Okay, so how many of us in our lives have put our proverbial foot in our mouths?
I have! And when that happens, there's no way to take it back. No sorries, no apologies will take away that sting.
As a UX researcher, we are placed in a position of providing feedback about a user experience or player experience. We study for years to stay objective and learn about the users... And just report on this to the Designers and team. But it's never easy telling someone their baby is ugly... And that's the place we are constantly placed in.
We are the messenger. 'Don't kill the messenger'? Well it's not personal critique, it's our reporting about the users' experience. Again not our experience.
No matter how many times you tell someone its not personal, it still feels personal. And typically the said designer or whomever crosses their arms, shuts down and disregards anything your reporting the users experienced.
Here are some tips to help smooth these naturally difficult reporting situations -- and diplomatically, how you let someone know people think their baby is ugly.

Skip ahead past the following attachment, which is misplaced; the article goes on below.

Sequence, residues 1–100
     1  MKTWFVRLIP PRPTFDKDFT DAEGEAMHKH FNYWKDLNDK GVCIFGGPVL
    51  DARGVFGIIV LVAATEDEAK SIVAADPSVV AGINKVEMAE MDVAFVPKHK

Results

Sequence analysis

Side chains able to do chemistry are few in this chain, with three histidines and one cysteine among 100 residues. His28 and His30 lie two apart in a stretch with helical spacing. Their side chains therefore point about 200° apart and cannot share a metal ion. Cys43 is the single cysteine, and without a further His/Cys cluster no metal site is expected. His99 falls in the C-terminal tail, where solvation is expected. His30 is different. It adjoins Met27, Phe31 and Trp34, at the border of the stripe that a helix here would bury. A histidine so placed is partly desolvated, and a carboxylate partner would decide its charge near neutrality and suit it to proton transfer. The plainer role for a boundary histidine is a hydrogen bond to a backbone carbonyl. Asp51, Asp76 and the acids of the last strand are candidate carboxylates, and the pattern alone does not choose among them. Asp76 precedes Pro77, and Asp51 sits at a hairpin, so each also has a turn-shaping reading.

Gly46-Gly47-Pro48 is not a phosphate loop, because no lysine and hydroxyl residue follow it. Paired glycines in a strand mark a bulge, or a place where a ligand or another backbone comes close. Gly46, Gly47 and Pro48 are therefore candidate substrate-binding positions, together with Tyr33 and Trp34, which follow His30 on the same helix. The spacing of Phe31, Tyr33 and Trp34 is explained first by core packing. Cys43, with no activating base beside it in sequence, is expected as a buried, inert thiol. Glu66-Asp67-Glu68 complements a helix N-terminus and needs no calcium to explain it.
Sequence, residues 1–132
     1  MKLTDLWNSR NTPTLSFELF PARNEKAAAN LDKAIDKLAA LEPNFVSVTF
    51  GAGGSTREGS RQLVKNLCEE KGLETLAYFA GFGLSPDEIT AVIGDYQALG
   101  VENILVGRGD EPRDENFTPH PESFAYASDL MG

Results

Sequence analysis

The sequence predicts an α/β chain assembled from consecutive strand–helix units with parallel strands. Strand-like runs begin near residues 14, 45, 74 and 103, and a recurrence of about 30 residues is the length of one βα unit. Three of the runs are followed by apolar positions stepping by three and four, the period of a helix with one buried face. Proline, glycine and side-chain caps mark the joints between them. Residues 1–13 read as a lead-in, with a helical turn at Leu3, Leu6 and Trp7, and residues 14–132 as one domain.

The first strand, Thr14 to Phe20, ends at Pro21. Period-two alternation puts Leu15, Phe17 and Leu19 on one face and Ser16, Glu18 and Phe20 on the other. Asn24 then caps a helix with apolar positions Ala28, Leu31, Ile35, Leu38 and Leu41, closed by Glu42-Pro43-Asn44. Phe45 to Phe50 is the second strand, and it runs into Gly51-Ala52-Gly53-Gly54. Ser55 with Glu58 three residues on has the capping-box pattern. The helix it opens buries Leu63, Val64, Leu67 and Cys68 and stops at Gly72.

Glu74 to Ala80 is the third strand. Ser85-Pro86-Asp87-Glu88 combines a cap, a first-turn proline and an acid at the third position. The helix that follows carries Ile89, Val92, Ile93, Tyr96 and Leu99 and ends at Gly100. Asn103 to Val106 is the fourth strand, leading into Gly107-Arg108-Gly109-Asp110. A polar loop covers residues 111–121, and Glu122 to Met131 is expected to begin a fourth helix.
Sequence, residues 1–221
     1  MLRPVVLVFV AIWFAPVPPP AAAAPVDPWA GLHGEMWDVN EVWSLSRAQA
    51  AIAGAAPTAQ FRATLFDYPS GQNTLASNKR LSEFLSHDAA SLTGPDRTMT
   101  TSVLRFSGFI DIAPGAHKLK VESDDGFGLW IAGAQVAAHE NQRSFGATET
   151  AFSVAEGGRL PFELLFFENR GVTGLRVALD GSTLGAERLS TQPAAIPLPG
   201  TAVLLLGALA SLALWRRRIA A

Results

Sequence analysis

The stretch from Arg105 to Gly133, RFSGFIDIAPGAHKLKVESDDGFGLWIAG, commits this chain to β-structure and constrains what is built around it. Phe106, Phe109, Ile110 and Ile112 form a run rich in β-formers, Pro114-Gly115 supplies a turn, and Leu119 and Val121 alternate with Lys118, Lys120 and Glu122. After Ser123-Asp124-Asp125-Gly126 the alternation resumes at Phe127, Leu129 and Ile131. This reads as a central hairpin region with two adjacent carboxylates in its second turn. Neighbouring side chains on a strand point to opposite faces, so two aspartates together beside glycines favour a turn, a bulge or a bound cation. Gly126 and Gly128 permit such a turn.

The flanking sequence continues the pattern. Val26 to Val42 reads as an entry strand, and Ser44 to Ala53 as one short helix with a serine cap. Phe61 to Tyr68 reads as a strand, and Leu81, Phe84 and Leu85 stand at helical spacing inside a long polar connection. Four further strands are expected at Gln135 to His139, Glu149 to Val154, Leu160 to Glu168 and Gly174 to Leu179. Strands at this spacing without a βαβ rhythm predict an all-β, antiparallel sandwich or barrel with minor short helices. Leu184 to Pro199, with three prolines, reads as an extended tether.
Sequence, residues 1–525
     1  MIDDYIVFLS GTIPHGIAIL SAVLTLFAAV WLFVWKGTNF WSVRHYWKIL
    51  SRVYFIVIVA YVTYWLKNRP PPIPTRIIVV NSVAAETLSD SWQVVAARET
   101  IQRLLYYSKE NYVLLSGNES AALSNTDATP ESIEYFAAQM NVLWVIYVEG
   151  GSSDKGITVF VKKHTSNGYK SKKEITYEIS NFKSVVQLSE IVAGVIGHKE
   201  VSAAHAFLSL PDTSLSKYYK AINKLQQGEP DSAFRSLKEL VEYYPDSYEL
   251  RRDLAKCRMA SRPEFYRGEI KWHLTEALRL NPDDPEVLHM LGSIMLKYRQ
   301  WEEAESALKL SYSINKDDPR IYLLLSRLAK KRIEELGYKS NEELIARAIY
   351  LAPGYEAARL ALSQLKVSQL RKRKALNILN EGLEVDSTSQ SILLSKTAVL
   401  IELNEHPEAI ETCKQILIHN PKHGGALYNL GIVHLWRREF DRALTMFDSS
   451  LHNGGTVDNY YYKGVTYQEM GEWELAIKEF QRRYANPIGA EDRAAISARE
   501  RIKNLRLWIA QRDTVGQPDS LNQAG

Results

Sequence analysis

Here's the basic algorithm: --Say something positive, then the critical element, and something positive again--
I learned this technique in college at a counseling psychology class. It's officially called 'sandwiching'
Test it. Take a buddy ( someone who will easily forgive you) and tell them the shirt they're wearing is ugly. That's it.
Then, tell you same friend something positive about their attire.
Get specific such as the color and style. 'really nice tennis shoes... I like the off white color a s the style makes it look like a street shoe. I really like them.
Then the critical part. Tell them the same critique you told them before
Then follow it up with another positive comment about their attire.
Now ask them, which way felt better to hear the critique.
Unless the person is masochistic, you'll find better receptiveness from your friend in hearing the critique with sandwiching.
There are many more of these diplomacy tips. This one is my personal favorite. It's saved and softened many a relationship. When you're in the business of truth in this PC world, it's ever so important to speak in a way it's easy to be heard.
Heather Desurvire UX Researcher
User Behavioristics & USC Faculty | +1 310.463.4603 | Heather3d@gmail.com